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This is a thoroughly revised edition of Glynne Wickham's important history of the development of dramatic art in Christian Europe. Professor Wickham surveys the foundations on which this dramatic art was built: the architecture, costumes and ceremonial of the imperial court at Byzantium, the liturgies of countires in the Eastern and Western Empires and the triumph of the R This is a thoroughly revised edition of Glynne Wickham's important history of the development of dramatic art in Christian Europe. Professor Wickham surveys the foundations on which this dramatic art was built: the architecture, costumes and ceremonial of the imperial court at Byzantium, the liturgies of countires in the Eastern and Western Empires and the triumph of the Roman rite and the Romanesque style in Western art. Within this context Professor Wickham describes three major influences upon the drama: religion, recreation and commerce. The first produced the liturgical music drama rooted in praise of Christ the King, vernacular Corpus Christi drama, Saint Plays and Moralities centred on the humanity of Christ. The second gave rise to the secular theatres of social recreation based on the games and dances of village communities ad the more sophisticated sex and war games of the nobility. The section on commerce shows how the development of the drama was intimately related to questions of funding and management which led, during the sixteenth century, to the substitution of a professional for an amateur theatre, and to a growing emphasis on stage spectacle. For this third edition the author has added a substantial section on monastic reform and its effect on Biblical translation and the use of allegory; a final chapter charts the transition in different European countries from this medieval Gothic theatre to the neoclassical methods of play construction and representation which flourished for the next two hundred years. The book gorges a coherent pattern through a very large and complicated subject. It is an excellent introduction to medieval theatre for undergraduates and to the growing number of theatregoers who enjoy contemporary revivals of medieval plays. A large plate section gives a pictorial version of the story, using photographs of contemporary manuscript illuminations, mosaics, frescoes, paintings and sculptures.


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This is a thoroughly revised edition of Glynne Wickham's important history of the development of dramatic art in Christian Europe. Professor Wickham surveys the foundations on which this dramatic art was built: the architecture, costumes and ceremonial of the imperial court at Byzantium, the liturgies of countires in the Eastern and Western Empires and the triumph of the R This is a thoroughly revised edition of Glynne Wickham's important history of the development of dramatic art in Christian Europe. Professor Wickham surveys the foundations on which this dramatic art was built: the architecture, costumes and ceremonial of the imperial court at Byzantium, the liturgies of countires in the Eastern and Western Empires and the triumph of the Roman rite and the Romanesque style in Western art. Within this context Professor Wickham describes three major influences upon the drama: religion, recreation and commerce. The first produced the liturgical music drama rooted in praise of Christ the King, vernacular Corpus Christi drama, Saint Plays and Moralities centred on the humanity of Christ. The second gave rise to the secular theatres of social recreation based on the games and dances of village communities ad the more sophisticated sex and war games of the nobility. The section on commerce shows how the development of the drama was intimately related to questions of funding and management which led, during the sixteenth century, to the substitution of a professional for an amateur theatre, and to a growing emphasis on stage spectacle. For this third edition the author has added a substantial section on monastic reform and its effect on Biblical translation and the use of allegory; a final chapter charts the transition in different European countries from this medieval Gothic theatre to the neoclassical methods of play construction and representation which flourished for the next two hundred years. The book gorges a coherent pattern through a very large and complicated subject. It is an excellent introduction to medieval theatre for undergraduates and to the growing number of theatregoers who enjoy contemporary revivals of medieval plays. A large plate section gives a pictorial version of the story, using photographs of contemporary manuscript illuminations, mosaics, frescoes, paintings and sculptures.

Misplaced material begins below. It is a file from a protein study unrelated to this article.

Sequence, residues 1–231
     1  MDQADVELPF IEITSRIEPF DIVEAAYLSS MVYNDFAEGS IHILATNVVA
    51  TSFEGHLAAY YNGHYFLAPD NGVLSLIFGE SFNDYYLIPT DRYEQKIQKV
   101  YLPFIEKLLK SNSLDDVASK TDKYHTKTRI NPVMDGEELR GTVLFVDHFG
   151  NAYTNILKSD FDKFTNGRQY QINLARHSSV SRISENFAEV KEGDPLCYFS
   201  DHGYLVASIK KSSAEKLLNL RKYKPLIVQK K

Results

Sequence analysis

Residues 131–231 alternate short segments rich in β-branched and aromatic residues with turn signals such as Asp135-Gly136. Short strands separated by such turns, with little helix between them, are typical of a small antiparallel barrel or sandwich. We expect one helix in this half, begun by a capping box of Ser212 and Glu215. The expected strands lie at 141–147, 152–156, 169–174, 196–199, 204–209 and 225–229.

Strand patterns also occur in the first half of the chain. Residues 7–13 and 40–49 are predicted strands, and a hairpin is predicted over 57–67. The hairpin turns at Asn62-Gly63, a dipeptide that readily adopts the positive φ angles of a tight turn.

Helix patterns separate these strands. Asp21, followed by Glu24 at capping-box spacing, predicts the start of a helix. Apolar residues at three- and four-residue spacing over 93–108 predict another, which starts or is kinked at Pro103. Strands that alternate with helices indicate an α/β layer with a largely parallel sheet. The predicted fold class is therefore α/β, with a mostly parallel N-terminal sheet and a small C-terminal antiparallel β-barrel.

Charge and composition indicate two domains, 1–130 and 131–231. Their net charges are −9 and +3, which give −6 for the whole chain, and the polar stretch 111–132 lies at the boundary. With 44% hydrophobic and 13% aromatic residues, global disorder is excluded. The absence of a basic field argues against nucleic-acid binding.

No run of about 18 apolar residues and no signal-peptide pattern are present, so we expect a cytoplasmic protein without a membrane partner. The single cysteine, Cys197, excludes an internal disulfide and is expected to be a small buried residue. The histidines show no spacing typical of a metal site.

32 review for The Medieval Theatre

  1. 5 out of 5

    Thom Dunn

    Published in 1974 by Weidenfeld, picked up by Cambridge UP. Certainly the best survey before Bevington and may have materials Bev. lacks. A must-have for students of Medieval Drama.

  2. 4 out of 5

    James

  3. 5 out of 5

    James

  4. 5 out of 5

    John Ervin

  5. 4 out of 5

    Alice Moretti

  6. 5 out of 5

    Mishaal Omer

  7. 4 out of 5

    Luis Constante

  8. 4 out of 5

    Mark Woodland

  9. 5 out of 5

    Carys

  10. 4 out of 5

    Sydney Higgins

  11. 5 out of 5

    Philip Rowe

  12. 4 out of 5

    Caro

  13. 4 out of 5

    Ignacio Gallup-Diaz

  14. 4 out of 5

    Elena Rubio

  15. 4 out of 5

    Greg

  16. 5 out of 5

    Emma

  17. 5 out of 5

    Dasha

  18. 5 out of 5

    Erin Vandenberg

  19. 4 out of 5

    Daniel

  20. 4 out of 5

    Nico

  21. 4 out of 5

    Maria Ferdinand

  22. 5 out of 5

    Geraldine

  23. 5 out of 5

    Nicole Sanchez

  24. 4 out of 5

    Asteroeis

  25. 5 out of 5

    Robert

  26. 4 out of 5

    Derek Lee

  27. 5 out of 5

    Naomi

  28. 4 out of 5

    Irma Mayorga

  29. 4 out of 5

    Rodrigo Frota

  30. 4 out of 5

    Frances

  31. 4 out of 5

    Zheng

  32. 4 out of 5